President’s health and Gov Fayose’s attacks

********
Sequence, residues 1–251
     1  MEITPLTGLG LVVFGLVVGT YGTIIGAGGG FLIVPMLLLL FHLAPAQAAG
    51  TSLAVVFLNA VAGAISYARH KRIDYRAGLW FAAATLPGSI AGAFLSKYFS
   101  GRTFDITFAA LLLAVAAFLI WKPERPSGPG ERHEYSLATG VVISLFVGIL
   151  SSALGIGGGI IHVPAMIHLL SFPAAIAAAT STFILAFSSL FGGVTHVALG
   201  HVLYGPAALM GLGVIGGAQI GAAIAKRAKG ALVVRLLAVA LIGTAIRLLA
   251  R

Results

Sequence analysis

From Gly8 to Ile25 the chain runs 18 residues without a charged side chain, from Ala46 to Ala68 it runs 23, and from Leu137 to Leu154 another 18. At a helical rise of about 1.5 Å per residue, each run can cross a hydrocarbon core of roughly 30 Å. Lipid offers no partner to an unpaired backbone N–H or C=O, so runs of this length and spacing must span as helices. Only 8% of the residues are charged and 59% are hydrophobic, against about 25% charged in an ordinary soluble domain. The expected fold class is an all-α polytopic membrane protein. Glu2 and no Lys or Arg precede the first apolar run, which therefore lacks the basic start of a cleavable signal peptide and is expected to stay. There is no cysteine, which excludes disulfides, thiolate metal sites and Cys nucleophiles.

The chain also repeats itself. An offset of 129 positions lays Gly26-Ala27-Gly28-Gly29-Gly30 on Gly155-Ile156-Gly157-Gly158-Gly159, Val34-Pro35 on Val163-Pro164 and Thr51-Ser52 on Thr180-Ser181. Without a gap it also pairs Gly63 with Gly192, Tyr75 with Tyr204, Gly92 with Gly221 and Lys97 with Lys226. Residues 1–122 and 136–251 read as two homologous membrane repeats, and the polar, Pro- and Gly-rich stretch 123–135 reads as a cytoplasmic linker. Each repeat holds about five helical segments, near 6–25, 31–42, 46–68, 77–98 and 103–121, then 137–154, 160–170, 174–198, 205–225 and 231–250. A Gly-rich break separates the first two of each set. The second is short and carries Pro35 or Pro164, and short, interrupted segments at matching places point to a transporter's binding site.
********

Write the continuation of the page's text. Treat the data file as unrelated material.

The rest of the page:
I don’t like to discuss Fayose because when he makes his statements, it only reminds me of an Igbo proverb which says that if a responsible man is having his bath after a hard day’s work and he removes his dress in a local bathroom and a mad man carries the dress and the man bathing, seeing that the mad man has carried the dress, he runs out naked pursuing him, people will see two naked people running and they will say two mad men. So, sometimes, you just allow the mad man to carry your dress and go rather than joining him in his madness. One of my very good friends wrote something in the papers criticizing the pictures taken during some APC governors visit to the President, he said maybe a broadcast would have been better. But I ask, if the head of a family is sick and some people went to see him, first there is nothing unusual about that. I believe most Nigerians are praying for the quick recovery of the President; so if people went there and sat with the President and took a picture, it shows that, yes, ,the President is sick but it is not as bad as what people are saying. Some were carrying rumor that he was on life support but people have seen at least that, that is not true. And as at the time he wrote that piece, only APC governors had visited but now some PDP governors also went and I hope he will write another article. To me, the President has been conscious of the provisions of the constitution and had complied in full with the extant provisions by admitting to the fact that, for now, that he is ill, and he needs medication somewhere, he has asked his Vice to act on his behalf. I don’t see how the President can be much more transparent than that. And I am happy that some PDP governors have also gone to see him. But what many of us do not know is that there have been governors who have been absent from their states for three months, even on health grounds in the PDP that I know, and they came back to assume duties and today they are alive. So, as they say ,the sick is not necessarily the next to die and we should all continue in our honest prayers for the quick recovery of our President and not inhuman comments by some persons. We had a President under the PDP who clearly was unable to even recognize people and they were debating whether he signed a budget or he did not sign. But you know in this environment people have short memory. Those who were very active then, purporting that the President signed a budget which he was not in a position to sign, and mimicking a voice in BBC, they are also talking now. Now we have a President who sat with both PDP and APC governors and I think that closes the issue of the health of the President. We must continue to pray for the quick recovery of the President and also pray that those of us who are leaders at various levels, that we have the good heart not to be detained or consumed by bitter partisanship so that we can look at issues more objectively in the interest of the nation’s stability, peace and progress.